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Blue Chips for Yield, Gold for Sound Sleep
11/15/2010 11:56 am EST
With Europe and the UK retrenching while the Federal Reserve prints money, mega-cap value stocks and bullion have an undeniable appeal, writes Chris Gilchrist in The IRS Report.
UK investment managers are all optimistic to a greater or lesser extent. This is not because they like the UK economy, which they expect to be grim for at least a couple of years; it is because the UK has a flexible exchange rate and a raft of strong companies that are well placed to benefit from the continuing fast growth in emerging markets. And the UK has the ability to manage its exchange rate to preserve their competitiveness, unlike the weaker nations harnessed to the superefficient Germans in the euro.
These managers all reckon that using measures like yield, cash flow, and the cyclically adjusted price/earnings ratio, UK and European shares are a good value, though only marginally so and not in "screaming buy" territory.
But that ignores the economic backdrop. Most economists predict interest rates remaining at current levels for at least two years. This is certain to increase the demand for investments producing income, and with blue-chip shares yielding more than government bonds, there is clearly scope for a steady rise in share prices and a decline in yields.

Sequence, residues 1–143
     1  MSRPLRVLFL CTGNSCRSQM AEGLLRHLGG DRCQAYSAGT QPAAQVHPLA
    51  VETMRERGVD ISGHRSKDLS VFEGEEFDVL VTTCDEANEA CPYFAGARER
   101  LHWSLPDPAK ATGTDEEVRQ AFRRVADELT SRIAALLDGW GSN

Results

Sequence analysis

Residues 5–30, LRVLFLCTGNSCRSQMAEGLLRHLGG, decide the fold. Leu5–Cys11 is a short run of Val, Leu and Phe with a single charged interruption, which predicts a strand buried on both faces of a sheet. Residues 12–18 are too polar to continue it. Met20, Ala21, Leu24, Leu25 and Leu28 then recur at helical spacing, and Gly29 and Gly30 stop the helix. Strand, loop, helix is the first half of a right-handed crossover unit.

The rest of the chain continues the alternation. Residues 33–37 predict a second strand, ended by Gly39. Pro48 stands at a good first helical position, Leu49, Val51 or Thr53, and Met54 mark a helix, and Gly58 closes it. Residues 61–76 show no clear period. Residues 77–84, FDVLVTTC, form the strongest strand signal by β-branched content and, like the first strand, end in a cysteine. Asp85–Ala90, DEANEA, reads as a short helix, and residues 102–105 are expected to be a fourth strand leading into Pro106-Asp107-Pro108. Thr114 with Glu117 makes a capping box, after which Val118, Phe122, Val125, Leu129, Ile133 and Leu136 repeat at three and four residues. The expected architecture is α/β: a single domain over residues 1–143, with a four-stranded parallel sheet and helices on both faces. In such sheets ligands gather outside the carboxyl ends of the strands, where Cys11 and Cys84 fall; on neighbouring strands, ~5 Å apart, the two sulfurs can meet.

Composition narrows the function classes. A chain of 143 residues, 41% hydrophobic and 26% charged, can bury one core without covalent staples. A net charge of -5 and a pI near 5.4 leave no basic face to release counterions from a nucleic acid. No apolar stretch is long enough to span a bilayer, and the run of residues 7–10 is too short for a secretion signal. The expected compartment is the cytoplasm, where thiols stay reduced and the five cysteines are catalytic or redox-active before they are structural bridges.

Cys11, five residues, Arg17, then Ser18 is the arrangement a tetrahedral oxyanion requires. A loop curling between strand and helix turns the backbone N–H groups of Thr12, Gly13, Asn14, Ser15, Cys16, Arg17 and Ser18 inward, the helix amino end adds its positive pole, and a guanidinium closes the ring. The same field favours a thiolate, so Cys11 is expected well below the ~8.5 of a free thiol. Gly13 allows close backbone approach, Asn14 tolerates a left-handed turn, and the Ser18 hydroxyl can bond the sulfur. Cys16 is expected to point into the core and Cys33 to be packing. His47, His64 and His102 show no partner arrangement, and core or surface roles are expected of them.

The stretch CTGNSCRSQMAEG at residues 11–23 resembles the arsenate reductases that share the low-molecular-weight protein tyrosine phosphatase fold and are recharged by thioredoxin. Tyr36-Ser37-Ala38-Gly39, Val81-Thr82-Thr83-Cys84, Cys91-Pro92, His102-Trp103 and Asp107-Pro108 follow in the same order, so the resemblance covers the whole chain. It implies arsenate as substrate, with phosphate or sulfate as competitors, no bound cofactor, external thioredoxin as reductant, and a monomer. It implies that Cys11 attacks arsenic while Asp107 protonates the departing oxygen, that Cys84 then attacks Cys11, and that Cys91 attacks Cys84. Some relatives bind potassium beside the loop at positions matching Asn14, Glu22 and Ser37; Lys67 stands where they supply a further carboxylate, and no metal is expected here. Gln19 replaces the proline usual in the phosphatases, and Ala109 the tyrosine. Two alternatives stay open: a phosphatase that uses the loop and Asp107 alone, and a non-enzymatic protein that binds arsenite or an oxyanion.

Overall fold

Since many of these companies expect to increase dividends at a rate of 5% or more over the next few years, their merits in comparison with bonds are obvious. It is only the persistent risk aversion resulting from the credit crunch that has held back their share prices. Blue-chip value looks more and more like a winning strategy.
[Here in the UK,] the long-awaited Comprehensive Spending Review kept the coalition government's doomsday story running, with spine-shivering tens of billions slashed here and there and even supposedly sacrosanct sectors like education turning out to face back-door cuts.
Despite this, analysts continue to struggle to [determine] what, if any, economic effect the actual cuts will have. The cuts in public sector employment should be the easiest to work on, but since they account for only a small percentage of the net employment effects expected in the next two to three years, all one can really conclude is that they will keep the unemployment rate a bit higher than it would otherwise have been.
With [government contractors] mainly shrugging off the effects of the cuts, the optimists expecting the private sector to pick up the slack may be right.
Politically, though, the coalition government has to keep the "crusade against waste and benefit cheats" going to keep Labor pinned in its corner. So, Messrs Cleggeron (Conservative Prime Minister David Cameron and his Liberal Democrat deputy Nick Clegg—Editor) will have to use the megaphone to frighten the public while quietly telling business to ignore the scares and invest. This is quite a trick to pull off, especially with [Business Secretary] Vince Cable playing Boris Karloff.
With another round of quantitative easing, the tide of cheap money engulfing emerging markets seems certain to create bubbles there. But whether it will generate much investment in the US and Europe is more doubtful. More and more investors fear inflation and are buying shares and gold. I'm with them.
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